Trust the dawning future

Trust the dawning future

Leaving Beacon Hill for a modern headquarters is a huge move for the UUA.
Peter Morales
  UUA President Peter Morales stands outside 24 Farnsworth Street in Boston.
© 2013 Christopher L. Walton/UU World


The UUA is moving. We are moving from our current headquarters on Boston’s historic Beacon Hill to 24 Farnsworth Street, a building in Boston’s “Innovation District.” Our new headquarters will be just a mile from our current headquarters. (See UU World’s coverage on page 30, and photos online.) I am personally excited about moving into new space.

This is a short move physically. It is a huge move symbolically, culturally, and organizationally. There are lots of good, practical reasons to move. Our staff will be in one building, not two. We will be on three floors, not spread out on twelve. Our operating costs will be much lower. The new space will be far more flexible. The technology will be a lot better. The list of practical reasons is long.

However, what excites me is not the list of practical advantages. What excites me is what this move can mean for all of us—including the vast number of UUs who will never walk into headquarters. This move is about teamwork and collaboration. This move is about looking forward with confidence and seizing this historic opportunity for our faith.

As with any move, there are also losses. Our Beacon Hill buildings, especially 25 Beacon, are full of cherished memories. In the coming months we will have the opportunity to honor these memories and to say good-bye. We are committed to taking what is precious in our past with us. Our new facility will include a museum-quality heritage display area that tells our story using modern media.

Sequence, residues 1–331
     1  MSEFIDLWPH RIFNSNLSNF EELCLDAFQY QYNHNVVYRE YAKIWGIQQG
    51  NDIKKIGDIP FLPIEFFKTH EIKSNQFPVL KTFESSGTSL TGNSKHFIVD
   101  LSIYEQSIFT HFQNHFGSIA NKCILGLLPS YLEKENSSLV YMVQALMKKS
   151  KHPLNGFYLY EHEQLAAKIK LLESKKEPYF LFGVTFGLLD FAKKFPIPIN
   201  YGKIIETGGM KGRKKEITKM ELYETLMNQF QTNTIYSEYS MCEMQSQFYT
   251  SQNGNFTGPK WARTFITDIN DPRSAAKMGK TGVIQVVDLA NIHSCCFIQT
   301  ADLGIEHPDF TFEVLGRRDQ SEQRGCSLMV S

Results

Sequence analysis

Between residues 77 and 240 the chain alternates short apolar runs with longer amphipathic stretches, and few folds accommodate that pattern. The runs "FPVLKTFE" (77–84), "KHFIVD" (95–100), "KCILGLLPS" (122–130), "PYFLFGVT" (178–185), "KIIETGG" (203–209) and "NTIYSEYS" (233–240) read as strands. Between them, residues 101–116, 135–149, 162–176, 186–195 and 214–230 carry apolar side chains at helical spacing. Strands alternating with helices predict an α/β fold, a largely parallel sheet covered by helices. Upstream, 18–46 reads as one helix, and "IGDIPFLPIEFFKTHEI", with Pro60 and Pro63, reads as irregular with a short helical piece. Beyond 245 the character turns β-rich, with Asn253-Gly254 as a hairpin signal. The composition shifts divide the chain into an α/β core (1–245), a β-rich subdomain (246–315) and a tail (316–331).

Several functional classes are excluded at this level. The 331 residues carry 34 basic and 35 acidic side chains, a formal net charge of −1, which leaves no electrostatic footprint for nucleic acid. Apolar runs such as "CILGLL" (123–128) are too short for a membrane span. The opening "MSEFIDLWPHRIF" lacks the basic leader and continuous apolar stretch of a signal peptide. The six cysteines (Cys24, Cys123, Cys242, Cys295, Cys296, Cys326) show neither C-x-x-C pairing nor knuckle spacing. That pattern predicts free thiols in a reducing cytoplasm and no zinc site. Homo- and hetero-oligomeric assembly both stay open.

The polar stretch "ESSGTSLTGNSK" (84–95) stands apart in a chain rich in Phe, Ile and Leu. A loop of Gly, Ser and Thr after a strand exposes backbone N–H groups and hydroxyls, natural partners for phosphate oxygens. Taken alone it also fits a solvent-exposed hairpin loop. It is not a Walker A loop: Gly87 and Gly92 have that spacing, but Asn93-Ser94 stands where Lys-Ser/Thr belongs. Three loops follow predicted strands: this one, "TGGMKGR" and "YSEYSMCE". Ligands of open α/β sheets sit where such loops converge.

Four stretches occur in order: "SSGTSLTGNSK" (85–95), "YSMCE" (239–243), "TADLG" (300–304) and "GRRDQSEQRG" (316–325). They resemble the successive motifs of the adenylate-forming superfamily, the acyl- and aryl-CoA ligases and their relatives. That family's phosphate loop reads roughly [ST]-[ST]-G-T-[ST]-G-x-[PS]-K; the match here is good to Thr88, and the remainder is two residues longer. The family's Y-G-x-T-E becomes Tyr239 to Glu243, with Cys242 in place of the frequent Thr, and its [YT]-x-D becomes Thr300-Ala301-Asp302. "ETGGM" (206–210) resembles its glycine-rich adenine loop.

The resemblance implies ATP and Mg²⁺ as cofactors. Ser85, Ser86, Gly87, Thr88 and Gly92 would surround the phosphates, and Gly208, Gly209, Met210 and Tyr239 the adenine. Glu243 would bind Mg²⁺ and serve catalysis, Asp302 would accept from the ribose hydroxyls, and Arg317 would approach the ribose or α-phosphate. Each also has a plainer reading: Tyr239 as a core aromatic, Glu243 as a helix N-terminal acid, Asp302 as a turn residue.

We must revere and remember the past. However, we must not be trapped by it. Ours has always been a faith that, in the words of the hymn, “trusts the dawning future.” In the nineteenth century, when a rigid outdated orthodoxy strangled the human spirit, our founders embraced new interpretations of scripture. We welcomed wisdom from other religious traditions. When others were threatened by the science of evolution and geology, we welcomed advances in human learning. Some religious traditions cling to the past. Our faith sees new possibilities unfolding. This is at the core of who we are.

One of the world’s leading experts in organizational change once commented, “When organizations fail, it is never their problems that kill them. It’s their past success.” That is, they keep doing what once made them successful but no longer works. Clinging to the past can be fatal to an organization. It can also be devastating to an individual.

The past can be either a springboard or a prison. I know this is true for each one of us at a personal level. I can let my past trap me, or I can learn from it and build upon it. The same is true for every congregation. Our most thriving congregations are those that build upon their past and seize new opportunities in a changing world.

In order for our faith to thrive in our rapidly changing culture, we have to work together as never before. Just in the last few years we have seen what collaboration can do. Think of the partnerships that made Justice GA such a powerful success. Think of our work for marriage equality. Look at the collaboration that has led to the UU College of Social Justice.

The truth is that our current headquarters buildings were designed for another era. Our new facility will allow for much easier collaboration. We need a new headquarters for a new era.

No faith has the opportunity that we have to minister to a world that is leaving traditional religion behind. Let us seize this opportunity. Let us trust the dawning future.

This article appeared in the Summer 2013 issue of UU World (pages 5).

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